We have been fully in communion with the Catholic Church for almost three nows, and I have to admit I don't even know why I haven't written this story here yet. I think part of me didn't want to ruffle any feathers, but also its partially because while it is a meaningful story for US, I'm not sure its all that BAM! WOW! AMAZING! to anyone else.
Tim and I both grew up in families where church was not an optional. We were liturgical protestants (also known as Lutherans, Tim Missouri Synod and later ELCA and myself ELCA practically from birth). When we were married, and even when we were in college and dating, missing church was the exception rather than the rule. Our faith was always important to us.
I remember once (when we only had two children who were very young and still had time to volunteer at senior high youth events) hearing an area ELCA bishop speaking about different types of faith moments. Faith that was like a sudden blinding light, faith that was a slow gradual sunrise, and faith that had always been there like never ending daylight. We both connected with the example of never ending daylight. Not that we took our faith for granted (although in some ways we did), but it was something that had always been there. Neither one of us had a defining "come to Jesus" experience, but rather a long friendship that was sometimes closer than others but always present.
As our children grew, we continued to be active in our churches. After only a few years of marriage the Lord convicted our hearts on the issue of birth control and family size and we began practicing Natural Family Planning, even though most people in our church family (and immediate family) couldn't understand why. Our children were all baptized as infants and we prayed at home and brought them to church every week. We figured this was pretty good and didn't give doing something different much of a thought.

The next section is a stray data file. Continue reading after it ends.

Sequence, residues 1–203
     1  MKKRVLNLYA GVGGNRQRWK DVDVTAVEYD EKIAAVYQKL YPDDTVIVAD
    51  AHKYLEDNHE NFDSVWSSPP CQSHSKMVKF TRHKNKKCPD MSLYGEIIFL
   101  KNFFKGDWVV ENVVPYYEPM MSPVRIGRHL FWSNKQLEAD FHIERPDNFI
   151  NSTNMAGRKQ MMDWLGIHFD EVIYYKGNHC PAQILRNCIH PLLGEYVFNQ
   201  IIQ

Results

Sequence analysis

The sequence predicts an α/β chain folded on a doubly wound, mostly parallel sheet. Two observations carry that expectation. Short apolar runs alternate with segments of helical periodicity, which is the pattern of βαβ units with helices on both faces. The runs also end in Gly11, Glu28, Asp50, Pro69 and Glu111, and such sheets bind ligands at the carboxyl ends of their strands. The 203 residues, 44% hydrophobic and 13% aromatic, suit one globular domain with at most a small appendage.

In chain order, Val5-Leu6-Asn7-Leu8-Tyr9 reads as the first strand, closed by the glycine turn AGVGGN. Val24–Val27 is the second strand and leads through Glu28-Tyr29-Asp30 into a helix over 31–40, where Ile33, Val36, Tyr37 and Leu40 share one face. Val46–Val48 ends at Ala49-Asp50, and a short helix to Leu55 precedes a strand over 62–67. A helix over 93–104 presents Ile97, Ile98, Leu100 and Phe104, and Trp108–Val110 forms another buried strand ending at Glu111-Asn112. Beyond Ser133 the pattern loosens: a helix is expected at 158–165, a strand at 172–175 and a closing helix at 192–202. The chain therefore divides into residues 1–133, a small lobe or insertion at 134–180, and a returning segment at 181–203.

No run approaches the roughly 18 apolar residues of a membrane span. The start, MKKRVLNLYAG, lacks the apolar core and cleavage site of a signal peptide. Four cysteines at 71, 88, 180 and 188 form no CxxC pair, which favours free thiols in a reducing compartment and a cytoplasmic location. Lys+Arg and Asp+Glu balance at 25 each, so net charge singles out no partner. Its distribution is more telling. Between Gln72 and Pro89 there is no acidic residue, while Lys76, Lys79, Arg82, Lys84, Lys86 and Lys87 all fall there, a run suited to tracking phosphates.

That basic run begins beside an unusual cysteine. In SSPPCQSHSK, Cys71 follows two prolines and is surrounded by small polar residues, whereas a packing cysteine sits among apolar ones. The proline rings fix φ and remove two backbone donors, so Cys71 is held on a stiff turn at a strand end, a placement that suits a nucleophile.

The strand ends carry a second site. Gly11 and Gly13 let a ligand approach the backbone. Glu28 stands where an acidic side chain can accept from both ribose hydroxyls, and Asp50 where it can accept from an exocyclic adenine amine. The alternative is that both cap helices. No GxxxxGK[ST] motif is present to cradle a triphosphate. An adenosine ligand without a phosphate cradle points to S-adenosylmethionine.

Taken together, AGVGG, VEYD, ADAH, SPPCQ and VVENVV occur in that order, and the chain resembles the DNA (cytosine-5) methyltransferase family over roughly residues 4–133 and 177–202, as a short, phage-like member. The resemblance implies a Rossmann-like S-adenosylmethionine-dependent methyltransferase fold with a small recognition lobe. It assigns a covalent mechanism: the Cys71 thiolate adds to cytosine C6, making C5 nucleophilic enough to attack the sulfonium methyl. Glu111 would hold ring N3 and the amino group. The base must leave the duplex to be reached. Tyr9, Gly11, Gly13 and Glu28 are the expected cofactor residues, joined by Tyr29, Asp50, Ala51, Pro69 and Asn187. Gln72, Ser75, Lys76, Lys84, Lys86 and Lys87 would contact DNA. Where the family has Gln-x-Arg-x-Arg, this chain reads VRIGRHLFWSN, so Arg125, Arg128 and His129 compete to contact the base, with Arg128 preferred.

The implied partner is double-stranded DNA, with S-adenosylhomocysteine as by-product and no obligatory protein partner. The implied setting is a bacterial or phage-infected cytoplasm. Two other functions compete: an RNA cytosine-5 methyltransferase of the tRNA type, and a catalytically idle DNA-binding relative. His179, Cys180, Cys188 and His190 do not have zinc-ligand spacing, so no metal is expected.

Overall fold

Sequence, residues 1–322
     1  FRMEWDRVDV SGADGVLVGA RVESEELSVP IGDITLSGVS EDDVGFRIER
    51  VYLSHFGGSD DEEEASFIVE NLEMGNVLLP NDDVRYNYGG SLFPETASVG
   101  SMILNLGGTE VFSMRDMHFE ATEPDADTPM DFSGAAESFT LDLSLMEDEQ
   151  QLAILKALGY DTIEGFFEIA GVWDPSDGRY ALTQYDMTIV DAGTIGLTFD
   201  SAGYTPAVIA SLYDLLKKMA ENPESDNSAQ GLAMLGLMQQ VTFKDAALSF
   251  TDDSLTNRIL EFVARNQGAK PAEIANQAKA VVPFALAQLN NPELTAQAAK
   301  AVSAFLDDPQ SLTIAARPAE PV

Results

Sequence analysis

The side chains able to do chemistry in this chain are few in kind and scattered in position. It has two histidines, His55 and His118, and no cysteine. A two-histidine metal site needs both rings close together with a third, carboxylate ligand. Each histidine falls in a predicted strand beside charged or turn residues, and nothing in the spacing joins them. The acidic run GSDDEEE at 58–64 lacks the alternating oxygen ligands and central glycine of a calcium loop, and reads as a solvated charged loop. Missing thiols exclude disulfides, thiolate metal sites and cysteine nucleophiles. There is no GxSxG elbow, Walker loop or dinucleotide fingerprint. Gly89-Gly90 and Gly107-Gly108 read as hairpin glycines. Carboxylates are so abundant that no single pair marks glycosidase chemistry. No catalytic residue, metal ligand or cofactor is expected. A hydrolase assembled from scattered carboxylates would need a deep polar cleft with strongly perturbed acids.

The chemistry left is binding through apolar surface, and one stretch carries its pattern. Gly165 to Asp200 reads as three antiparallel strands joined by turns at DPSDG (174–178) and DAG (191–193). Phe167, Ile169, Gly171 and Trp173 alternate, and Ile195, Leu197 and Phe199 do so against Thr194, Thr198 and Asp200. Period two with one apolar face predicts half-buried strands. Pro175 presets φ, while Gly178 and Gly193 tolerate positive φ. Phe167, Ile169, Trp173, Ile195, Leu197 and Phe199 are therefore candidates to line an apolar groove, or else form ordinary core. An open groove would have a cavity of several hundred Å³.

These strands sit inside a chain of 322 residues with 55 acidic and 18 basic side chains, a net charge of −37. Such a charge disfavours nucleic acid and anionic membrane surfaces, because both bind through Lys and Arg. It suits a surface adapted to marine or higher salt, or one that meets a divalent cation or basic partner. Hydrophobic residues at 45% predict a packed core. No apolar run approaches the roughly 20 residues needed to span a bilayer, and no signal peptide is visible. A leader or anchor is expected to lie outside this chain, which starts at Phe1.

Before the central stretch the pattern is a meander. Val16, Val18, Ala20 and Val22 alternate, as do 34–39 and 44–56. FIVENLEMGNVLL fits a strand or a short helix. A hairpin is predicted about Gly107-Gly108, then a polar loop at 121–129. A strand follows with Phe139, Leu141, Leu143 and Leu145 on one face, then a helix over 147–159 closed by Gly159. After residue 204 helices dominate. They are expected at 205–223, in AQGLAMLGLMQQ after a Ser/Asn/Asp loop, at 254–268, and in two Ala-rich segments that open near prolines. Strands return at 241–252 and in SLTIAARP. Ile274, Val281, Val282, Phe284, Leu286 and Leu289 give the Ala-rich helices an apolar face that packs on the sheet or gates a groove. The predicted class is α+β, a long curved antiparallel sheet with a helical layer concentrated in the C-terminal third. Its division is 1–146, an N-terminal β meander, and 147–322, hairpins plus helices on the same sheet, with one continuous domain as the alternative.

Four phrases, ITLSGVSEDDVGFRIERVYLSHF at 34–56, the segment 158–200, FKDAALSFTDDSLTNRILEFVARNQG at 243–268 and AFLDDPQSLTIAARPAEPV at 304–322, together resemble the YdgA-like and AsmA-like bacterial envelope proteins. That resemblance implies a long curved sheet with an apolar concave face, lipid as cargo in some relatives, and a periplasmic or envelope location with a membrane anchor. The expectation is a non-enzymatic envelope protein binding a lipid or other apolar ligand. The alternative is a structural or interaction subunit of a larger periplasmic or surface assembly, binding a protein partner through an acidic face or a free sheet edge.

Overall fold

And then Kenna died.
Talk about a come to Jesus experience, only it was more like a run away kicking and screaming and whining and anger kind of experience. For me, finding my way back to my faith through this time was the very beginnings of my conversion to the Catholic Christian faith.
It started mostly just with realizing that my hopes and dreams for my family and my beliefs aligned more closely with my Catholic friends than my Lutheran ones. I had a lot of Catholic friends and was meeting more all the time in the homeschooling community. As our family grew we began to feel a draw to those families who shared our beliefs about the roles of husband and wife and the duties we have as Christian mothers and fathers.
I remember listening to the sermon one Sunday morning and wondering why the pastor was unwilling to say divorce and/or remarriage was wrong or against the Bible. I mean, he JUST read the passage in Luke proclaiming anyone who divorces his wife and marries another as having committed adultery. My Lutheran confirmation certainly included do not commit adultery as one of the 10 Commandments we had to memorize. Why would he give a sermon then that danced around any indication that divorce was even anything undesirable or against God's design for marriage?